Tesla is on fire. The company's $2B acquisition of SolarCity, the largest American provider of solar energy, was a high-profile deal that passed with an overwhelming 85% shareholder approval. The newly-merged entity has gotten right to the business of impressing the world; Tesla recently announced that it is powering the entire island of T'aū - a small American Samoan island of 45km2 - exclusively via a solar-powered microgrid.
T'aū was previously hooked up to a system of diesel-fueled generators that used hundreds of thousands of gallons of diesel to power the island each year. A hefty carbon footprint for an island with less than 600 residents, and that's without taking into account the ships used to transport the fuel; ships that wouldn't always reliably reach the remote island. “I recall a time they weren’t able to get the boat out here for two months,” said Keith Ahsoon, a T'aū resident. “We rely on that boat for everything."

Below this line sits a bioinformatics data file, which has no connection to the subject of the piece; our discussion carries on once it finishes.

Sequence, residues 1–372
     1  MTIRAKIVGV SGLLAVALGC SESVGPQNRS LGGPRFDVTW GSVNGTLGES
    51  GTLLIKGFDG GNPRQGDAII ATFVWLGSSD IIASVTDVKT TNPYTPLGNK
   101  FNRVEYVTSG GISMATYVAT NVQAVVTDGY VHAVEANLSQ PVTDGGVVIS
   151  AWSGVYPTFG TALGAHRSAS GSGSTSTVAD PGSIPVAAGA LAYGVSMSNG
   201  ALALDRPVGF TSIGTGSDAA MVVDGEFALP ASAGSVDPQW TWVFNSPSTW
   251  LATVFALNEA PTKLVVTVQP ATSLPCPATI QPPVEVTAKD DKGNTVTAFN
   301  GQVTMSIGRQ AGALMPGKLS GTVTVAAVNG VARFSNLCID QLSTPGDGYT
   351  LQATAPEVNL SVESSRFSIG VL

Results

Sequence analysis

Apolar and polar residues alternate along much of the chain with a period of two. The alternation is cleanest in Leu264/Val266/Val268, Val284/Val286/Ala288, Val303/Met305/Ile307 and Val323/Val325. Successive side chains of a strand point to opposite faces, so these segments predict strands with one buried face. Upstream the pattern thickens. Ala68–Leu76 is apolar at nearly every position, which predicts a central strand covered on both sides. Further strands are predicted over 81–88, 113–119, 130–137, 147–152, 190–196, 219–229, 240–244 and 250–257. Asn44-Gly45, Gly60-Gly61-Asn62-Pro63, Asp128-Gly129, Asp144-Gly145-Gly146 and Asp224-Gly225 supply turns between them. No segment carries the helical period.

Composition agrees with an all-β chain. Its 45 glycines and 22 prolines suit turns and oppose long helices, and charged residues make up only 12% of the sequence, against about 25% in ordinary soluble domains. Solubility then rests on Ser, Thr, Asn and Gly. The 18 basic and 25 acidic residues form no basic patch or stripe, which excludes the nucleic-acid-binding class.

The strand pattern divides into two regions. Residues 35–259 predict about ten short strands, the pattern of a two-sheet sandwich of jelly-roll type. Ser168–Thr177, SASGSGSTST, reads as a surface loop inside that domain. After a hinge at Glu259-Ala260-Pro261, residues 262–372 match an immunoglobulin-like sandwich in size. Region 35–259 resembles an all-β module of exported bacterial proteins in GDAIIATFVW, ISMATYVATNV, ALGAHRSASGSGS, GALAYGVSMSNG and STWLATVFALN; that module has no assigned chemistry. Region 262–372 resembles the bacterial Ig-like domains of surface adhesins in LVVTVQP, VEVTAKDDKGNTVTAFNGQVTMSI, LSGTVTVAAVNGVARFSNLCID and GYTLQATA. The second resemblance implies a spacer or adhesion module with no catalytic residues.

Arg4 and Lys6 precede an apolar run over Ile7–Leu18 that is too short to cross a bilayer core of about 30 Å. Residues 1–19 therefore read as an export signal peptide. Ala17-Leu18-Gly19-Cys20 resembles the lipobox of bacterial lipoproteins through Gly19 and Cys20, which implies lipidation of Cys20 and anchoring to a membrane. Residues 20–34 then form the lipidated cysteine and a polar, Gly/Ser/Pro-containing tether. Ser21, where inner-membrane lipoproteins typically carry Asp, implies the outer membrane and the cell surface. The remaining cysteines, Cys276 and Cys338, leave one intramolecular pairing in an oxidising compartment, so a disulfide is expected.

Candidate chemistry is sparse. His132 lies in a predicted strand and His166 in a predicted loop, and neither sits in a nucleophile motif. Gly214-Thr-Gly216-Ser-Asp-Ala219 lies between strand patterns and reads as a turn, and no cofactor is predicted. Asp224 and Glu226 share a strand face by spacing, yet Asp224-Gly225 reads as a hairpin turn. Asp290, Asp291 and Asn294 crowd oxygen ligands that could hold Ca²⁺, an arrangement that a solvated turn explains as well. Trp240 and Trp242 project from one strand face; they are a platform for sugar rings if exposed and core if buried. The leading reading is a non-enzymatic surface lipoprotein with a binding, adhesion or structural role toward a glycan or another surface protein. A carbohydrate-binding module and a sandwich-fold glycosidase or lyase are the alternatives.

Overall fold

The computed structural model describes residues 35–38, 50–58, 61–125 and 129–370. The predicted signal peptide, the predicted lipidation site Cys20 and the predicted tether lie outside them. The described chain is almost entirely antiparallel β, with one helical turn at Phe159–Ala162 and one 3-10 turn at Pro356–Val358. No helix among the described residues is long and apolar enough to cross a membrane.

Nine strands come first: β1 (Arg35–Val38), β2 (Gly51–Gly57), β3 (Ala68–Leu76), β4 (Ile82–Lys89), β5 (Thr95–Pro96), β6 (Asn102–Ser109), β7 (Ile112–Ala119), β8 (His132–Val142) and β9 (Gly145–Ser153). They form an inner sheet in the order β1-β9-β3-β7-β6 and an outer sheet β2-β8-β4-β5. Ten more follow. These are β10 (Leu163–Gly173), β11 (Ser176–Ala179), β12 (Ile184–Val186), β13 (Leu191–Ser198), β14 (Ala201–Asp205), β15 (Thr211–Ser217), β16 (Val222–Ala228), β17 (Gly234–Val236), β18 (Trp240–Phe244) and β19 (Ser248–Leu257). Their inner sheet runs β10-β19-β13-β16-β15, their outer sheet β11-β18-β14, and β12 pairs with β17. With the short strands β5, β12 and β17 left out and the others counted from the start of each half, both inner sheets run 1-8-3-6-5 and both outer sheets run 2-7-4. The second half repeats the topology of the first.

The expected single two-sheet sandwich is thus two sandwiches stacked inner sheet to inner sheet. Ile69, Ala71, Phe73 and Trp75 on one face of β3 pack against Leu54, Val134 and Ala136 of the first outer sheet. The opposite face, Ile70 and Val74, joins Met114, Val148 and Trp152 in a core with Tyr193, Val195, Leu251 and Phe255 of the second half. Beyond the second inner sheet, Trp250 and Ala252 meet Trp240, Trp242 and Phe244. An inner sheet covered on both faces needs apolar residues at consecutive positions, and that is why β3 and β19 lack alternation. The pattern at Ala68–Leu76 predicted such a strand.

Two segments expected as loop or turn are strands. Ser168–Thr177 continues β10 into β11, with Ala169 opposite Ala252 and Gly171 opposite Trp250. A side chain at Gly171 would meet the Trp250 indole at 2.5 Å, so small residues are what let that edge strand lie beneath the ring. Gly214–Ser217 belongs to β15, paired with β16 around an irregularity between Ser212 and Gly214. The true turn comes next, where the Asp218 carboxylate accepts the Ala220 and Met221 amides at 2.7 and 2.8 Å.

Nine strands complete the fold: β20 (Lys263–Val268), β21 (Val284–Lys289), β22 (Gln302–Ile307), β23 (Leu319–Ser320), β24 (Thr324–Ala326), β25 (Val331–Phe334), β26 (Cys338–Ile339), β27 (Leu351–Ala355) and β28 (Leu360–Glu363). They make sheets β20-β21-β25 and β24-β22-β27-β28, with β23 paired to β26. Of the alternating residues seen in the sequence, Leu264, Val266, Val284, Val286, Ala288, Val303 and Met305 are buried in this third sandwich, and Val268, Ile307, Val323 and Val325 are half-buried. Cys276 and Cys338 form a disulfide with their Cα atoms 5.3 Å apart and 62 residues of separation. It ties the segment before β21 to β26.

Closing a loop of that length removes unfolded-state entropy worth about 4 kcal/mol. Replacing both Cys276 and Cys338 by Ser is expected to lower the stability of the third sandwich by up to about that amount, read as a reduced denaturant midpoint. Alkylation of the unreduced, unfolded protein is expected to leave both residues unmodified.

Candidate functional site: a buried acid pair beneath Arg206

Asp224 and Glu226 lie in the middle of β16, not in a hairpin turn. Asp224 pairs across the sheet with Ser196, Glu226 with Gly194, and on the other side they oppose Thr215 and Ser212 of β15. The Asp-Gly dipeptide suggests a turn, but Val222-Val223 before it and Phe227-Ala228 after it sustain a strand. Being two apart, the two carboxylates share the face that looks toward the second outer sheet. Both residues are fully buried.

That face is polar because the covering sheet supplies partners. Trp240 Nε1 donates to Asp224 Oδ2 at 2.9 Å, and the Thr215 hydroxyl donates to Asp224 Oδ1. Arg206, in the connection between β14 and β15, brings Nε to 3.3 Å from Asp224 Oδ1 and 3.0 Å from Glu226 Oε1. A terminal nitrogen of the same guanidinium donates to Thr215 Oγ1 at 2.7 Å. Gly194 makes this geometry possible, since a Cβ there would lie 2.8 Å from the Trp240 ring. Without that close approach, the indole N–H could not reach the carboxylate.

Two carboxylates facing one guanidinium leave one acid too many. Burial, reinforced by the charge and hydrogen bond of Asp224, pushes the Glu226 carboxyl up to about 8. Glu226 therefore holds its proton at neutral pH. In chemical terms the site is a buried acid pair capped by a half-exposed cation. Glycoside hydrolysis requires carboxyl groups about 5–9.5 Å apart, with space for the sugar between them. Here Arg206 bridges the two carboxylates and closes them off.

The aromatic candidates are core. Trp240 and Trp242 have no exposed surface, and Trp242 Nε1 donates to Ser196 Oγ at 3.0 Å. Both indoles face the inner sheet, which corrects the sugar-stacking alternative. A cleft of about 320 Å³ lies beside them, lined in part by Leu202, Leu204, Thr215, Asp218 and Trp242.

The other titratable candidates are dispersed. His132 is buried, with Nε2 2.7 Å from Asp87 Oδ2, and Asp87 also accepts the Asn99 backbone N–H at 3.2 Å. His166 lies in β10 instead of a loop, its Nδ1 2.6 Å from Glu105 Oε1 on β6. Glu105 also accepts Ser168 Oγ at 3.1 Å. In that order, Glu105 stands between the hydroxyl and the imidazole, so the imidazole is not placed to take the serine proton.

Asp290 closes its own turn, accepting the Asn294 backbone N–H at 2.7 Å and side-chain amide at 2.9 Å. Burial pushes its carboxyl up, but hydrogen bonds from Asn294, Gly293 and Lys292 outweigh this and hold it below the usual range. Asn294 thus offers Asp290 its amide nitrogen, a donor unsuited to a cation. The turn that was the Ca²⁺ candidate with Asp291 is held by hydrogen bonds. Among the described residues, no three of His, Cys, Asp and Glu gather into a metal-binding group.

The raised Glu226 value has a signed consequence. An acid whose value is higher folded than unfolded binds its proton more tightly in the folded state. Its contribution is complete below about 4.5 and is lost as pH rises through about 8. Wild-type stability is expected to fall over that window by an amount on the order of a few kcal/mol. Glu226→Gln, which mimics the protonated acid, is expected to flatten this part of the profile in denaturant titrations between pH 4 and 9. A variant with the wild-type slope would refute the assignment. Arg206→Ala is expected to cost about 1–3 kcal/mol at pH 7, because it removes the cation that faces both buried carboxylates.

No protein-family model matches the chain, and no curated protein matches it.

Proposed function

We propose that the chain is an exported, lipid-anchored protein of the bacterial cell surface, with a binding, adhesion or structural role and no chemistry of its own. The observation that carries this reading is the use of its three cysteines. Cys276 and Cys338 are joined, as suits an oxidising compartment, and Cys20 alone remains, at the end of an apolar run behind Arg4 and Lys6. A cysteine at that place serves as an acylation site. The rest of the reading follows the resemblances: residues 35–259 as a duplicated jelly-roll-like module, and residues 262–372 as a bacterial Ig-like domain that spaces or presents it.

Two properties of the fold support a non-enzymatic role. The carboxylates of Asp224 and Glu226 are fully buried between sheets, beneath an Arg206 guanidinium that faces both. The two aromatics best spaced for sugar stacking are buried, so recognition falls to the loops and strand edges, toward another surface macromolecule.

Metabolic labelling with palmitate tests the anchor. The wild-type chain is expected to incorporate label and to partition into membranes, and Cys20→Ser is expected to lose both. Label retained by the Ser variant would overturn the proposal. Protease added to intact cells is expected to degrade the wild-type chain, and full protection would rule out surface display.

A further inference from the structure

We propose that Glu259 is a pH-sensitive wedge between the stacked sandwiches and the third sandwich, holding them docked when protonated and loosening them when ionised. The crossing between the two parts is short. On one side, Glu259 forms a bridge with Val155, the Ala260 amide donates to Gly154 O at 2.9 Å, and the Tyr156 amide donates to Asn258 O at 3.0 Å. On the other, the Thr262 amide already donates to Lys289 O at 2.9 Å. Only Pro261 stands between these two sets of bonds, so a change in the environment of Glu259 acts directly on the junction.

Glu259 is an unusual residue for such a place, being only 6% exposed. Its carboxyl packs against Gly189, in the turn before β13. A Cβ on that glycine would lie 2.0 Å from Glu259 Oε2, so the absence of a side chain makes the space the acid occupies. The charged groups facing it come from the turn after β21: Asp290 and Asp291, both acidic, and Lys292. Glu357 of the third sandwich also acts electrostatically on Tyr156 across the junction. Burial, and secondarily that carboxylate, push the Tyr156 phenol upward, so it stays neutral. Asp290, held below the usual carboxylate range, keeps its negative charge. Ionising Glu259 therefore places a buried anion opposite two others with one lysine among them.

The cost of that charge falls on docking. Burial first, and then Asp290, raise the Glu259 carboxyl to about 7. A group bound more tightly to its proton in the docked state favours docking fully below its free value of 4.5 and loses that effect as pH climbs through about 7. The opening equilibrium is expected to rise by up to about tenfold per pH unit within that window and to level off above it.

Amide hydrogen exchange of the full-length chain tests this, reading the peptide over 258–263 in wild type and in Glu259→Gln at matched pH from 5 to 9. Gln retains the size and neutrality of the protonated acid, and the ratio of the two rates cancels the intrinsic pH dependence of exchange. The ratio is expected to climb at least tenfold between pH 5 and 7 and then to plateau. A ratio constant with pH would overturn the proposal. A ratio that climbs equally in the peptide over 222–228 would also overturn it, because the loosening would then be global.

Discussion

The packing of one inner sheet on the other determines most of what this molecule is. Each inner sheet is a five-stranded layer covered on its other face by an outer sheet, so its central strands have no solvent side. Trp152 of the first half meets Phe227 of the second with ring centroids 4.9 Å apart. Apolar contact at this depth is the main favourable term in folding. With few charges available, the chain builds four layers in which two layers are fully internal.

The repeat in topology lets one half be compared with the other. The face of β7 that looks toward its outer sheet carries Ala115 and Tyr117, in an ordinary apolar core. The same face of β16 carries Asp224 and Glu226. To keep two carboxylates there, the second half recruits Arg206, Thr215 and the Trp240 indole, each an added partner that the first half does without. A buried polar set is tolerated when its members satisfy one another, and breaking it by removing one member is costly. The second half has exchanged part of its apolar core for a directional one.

Tesla's state-of-the-art installation is a 1.4 megawatt microgrid made up of 5,328 solar panels and 60 PowerPacks - Tesla's modular rechargeable batteries. Even in the sunny climate, the microgrid can power the island for 3 days straight without sunlight - and its capacity can fully recharge in 7 hours. This means T'aū residents can pretty much assume that they'll have power 24/7 - no more relying on diesel shipments.
The conversion process took only a year, and many are already talking about where Tesla's infrastructure can be implemented next. While T'aū is an ideal stage for total solar sustainability - there's still some hurdles before Tesla's vision can be implemented in larger-scale communities. Most regions across the world don't have the amount of reliable sunlight that American Samoa has - and to power a true city will take much, much more power. Still, it's hard not to be impressed by Tesla's demonstration of solar sustainability.
“[This project] is not a postcard from the future,” said SolarCity CEO Lyndon Rive, “it’s a snapshot of what is possible right now.”